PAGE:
(English) “Quickness” in defence is often very different to the speed at which a defender can move. More important is the defender’s ability to correctly anticipate what will happen and to move in anticipation before it has actually happened.

(English) x3 starts on the “split line” and is responsible for rotating and stopping any dribble penetration by 2. If x3 remains in the middle of the key, it will take 2 or 3 steps and if they do not move until 2 starts to dribble, x3 may struggle to stop them.

However, if x3 anticipates that 2 is going to dribble and moves toward that side of the court (shown in red) then they will be quicker to stop the rotation as they don’t have to move as far.

(English) Coaches should give players many opportunities to practice anticipating what the offence will do and adjusting their position accordingly. Coaches must accept that the players will get it wrong sometimes, for example:

  • moving too far (and leaving their own opponent open);
  • not moving enough (and then not being able to get into position when the offence do move).

Making these mistakes is an important part of learning about optimal positioning. Where a player makes a mistake the coach should use questions to help the player identify what they could have done differently. If the coach simply tells the player what they should do, then the player does not develop their own ability to “read” the situation (and move accordingly) and really only learns that they should not trust their own instincts.

The coach can help the player to understand some “cues” that will help them to correctly anticipate what the offence may do, such as:

  • Ball position – if the player holds the ball at chest level or above, they are more likely to pass than dribble;
  • Chest position – the direction that a player’s chest is facing is most likely where they would pass or move;
  • Stance – if a player has straight legs, they are more likely to pass than dribble;
  • Ball side – whichever side a player is holding the ball is the side to which they are likely to pass or dribble;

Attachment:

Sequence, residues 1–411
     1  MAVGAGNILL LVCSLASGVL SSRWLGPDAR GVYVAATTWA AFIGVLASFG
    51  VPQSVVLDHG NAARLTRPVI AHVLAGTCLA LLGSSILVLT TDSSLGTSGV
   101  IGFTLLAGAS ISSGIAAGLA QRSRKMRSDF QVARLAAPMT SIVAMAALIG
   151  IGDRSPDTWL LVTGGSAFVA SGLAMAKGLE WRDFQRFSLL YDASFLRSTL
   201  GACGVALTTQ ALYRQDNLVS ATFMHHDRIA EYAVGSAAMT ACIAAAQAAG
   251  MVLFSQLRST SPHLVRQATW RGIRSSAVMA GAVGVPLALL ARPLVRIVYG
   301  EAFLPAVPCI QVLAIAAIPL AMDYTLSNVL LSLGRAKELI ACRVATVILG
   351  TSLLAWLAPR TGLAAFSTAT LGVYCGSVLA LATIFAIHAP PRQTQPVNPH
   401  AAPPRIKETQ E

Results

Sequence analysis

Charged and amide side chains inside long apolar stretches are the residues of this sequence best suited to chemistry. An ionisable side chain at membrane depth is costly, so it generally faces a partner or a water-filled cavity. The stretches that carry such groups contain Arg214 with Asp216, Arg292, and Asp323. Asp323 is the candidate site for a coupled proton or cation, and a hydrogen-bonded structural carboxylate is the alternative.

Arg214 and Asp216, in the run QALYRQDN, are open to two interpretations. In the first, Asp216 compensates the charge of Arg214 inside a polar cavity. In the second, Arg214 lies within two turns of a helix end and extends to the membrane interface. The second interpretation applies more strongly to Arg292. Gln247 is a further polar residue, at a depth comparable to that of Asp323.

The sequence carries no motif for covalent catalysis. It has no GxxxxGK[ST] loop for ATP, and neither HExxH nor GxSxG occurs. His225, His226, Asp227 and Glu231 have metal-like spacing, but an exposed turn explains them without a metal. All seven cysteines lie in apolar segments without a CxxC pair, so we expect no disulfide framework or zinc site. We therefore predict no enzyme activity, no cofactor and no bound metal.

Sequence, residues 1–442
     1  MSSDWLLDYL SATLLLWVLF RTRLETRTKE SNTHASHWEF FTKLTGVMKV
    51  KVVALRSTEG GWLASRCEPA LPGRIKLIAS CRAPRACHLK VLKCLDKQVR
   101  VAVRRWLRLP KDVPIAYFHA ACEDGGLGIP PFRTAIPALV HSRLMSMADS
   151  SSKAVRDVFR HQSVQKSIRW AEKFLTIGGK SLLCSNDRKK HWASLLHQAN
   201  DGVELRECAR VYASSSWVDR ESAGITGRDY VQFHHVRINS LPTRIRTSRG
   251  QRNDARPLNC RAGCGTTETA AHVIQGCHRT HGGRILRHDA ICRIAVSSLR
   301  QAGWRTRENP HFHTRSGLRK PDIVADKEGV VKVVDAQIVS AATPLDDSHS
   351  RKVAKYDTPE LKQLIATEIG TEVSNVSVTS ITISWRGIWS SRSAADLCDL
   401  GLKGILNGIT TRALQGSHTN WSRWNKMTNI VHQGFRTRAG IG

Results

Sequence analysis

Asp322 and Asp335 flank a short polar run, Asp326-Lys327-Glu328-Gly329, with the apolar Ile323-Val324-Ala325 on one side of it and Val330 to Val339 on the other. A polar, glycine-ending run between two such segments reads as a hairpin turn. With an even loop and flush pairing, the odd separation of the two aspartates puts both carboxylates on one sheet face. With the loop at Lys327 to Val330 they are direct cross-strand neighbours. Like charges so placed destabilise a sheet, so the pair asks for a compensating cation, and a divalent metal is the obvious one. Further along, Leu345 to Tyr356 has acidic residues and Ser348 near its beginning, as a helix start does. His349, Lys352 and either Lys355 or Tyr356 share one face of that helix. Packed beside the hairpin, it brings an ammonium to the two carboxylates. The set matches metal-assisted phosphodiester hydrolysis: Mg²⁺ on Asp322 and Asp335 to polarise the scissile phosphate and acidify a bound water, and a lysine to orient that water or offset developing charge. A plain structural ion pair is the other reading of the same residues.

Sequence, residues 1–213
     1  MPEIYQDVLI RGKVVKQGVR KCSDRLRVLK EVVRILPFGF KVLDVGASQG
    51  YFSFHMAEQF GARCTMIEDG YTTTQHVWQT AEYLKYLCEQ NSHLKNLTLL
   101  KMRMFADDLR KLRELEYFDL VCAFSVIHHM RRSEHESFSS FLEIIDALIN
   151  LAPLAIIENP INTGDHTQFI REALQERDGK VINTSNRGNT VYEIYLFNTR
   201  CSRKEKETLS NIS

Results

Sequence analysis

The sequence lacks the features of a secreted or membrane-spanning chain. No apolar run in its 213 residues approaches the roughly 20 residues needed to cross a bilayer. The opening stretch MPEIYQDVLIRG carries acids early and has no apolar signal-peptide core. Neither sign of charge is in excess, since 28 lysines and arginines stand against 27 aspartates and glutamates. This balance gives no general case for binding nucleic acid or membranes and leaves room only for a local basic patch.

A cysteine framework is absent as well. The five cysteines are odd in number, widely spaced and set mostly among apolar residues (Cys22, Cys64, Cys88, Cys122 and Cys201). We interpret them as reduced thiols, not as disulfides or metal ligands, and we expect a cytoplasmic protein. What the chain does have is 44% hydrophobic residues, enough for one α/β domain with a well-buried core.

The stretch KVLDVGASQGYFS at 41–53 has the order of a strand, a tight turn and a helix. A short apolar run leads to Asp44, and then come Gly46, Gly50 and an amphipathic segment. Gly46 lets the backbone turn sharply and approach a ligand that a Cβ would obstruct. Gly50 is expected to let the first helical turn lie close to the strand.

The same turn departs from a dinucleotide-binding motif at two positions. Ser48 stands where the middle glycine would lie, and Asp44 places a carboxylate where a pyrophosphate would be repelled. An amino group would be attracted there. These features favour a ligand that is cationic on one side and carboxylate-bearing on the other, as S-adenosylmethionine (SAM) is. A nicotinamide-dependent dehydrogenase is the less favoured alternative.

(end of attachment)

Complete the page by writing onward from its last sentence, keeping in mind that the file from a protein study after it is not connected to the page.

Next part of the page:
• Defender’s position – the offensive player is likely to move away from wherever their defender is standing (e.g. if a defender is on the right hand side of the offensive player, the offensive player is likely to pass or dribble to their left).

(English) Players 3 and 4 must stand still and be ready to catch a pass from 1. 1 can pass to either player and x1 must try to deflect the pass. x1 should be prepared to move one way or the other in anticipation of where the pass is going.

A defender can also be added on the passer.

(English) 2 can either dribble into the key or may pass to 3 who attempts to dribble into the key. x2 attempts to stop both players from dribbling into the key:

  • If x2 believes that 2 will dribble, they should move 1 or 2 steps toward 2;
  • If x3 believes that 2 will pass to 3, they should move 1 or 2 steps toward 3.

2 is limited to 2 dribbles and 3 is limited to 1 dribble.

(English) A defender can then be added to defend 2, which is an additional factor for x2 to take into account.

(English) If x2 moves to stop 2 from dribbling toward the baseline, x2 can move towards 3, reducing the distance they need to move when the ball is passed (shown in red).

(English) The defenders (x1, x2 and x3) must always have someone defend the ball – the other two defenders start in the key, but can then choose their own position.

The offensive players simply try to dribble into the key but can only start to dribble if there is no close defender (have the defenders touch the offensive player to demonstrate they are there).

The defenders in the key are encouraged to anticipate where the ball will be passed and take a step or two in that direction, so that they are then close enough to close out and stop any dribble. Shown on the diagram are movements the defenders might make if they anticipate different passes (movement is shown red and black).

(English) The coach may stand under the basket to provide a passing target for the players. This requires the defenders to move together.

For example, x1 is standing to force the pass toward 2 and x2 moves toward them in anticipation. However, if x3 moves toward a pass across the key, this enables a pass to be made to the coach.

Instead, as x2 moves toward 2, x3 may move down toward the coach to pressure the pass.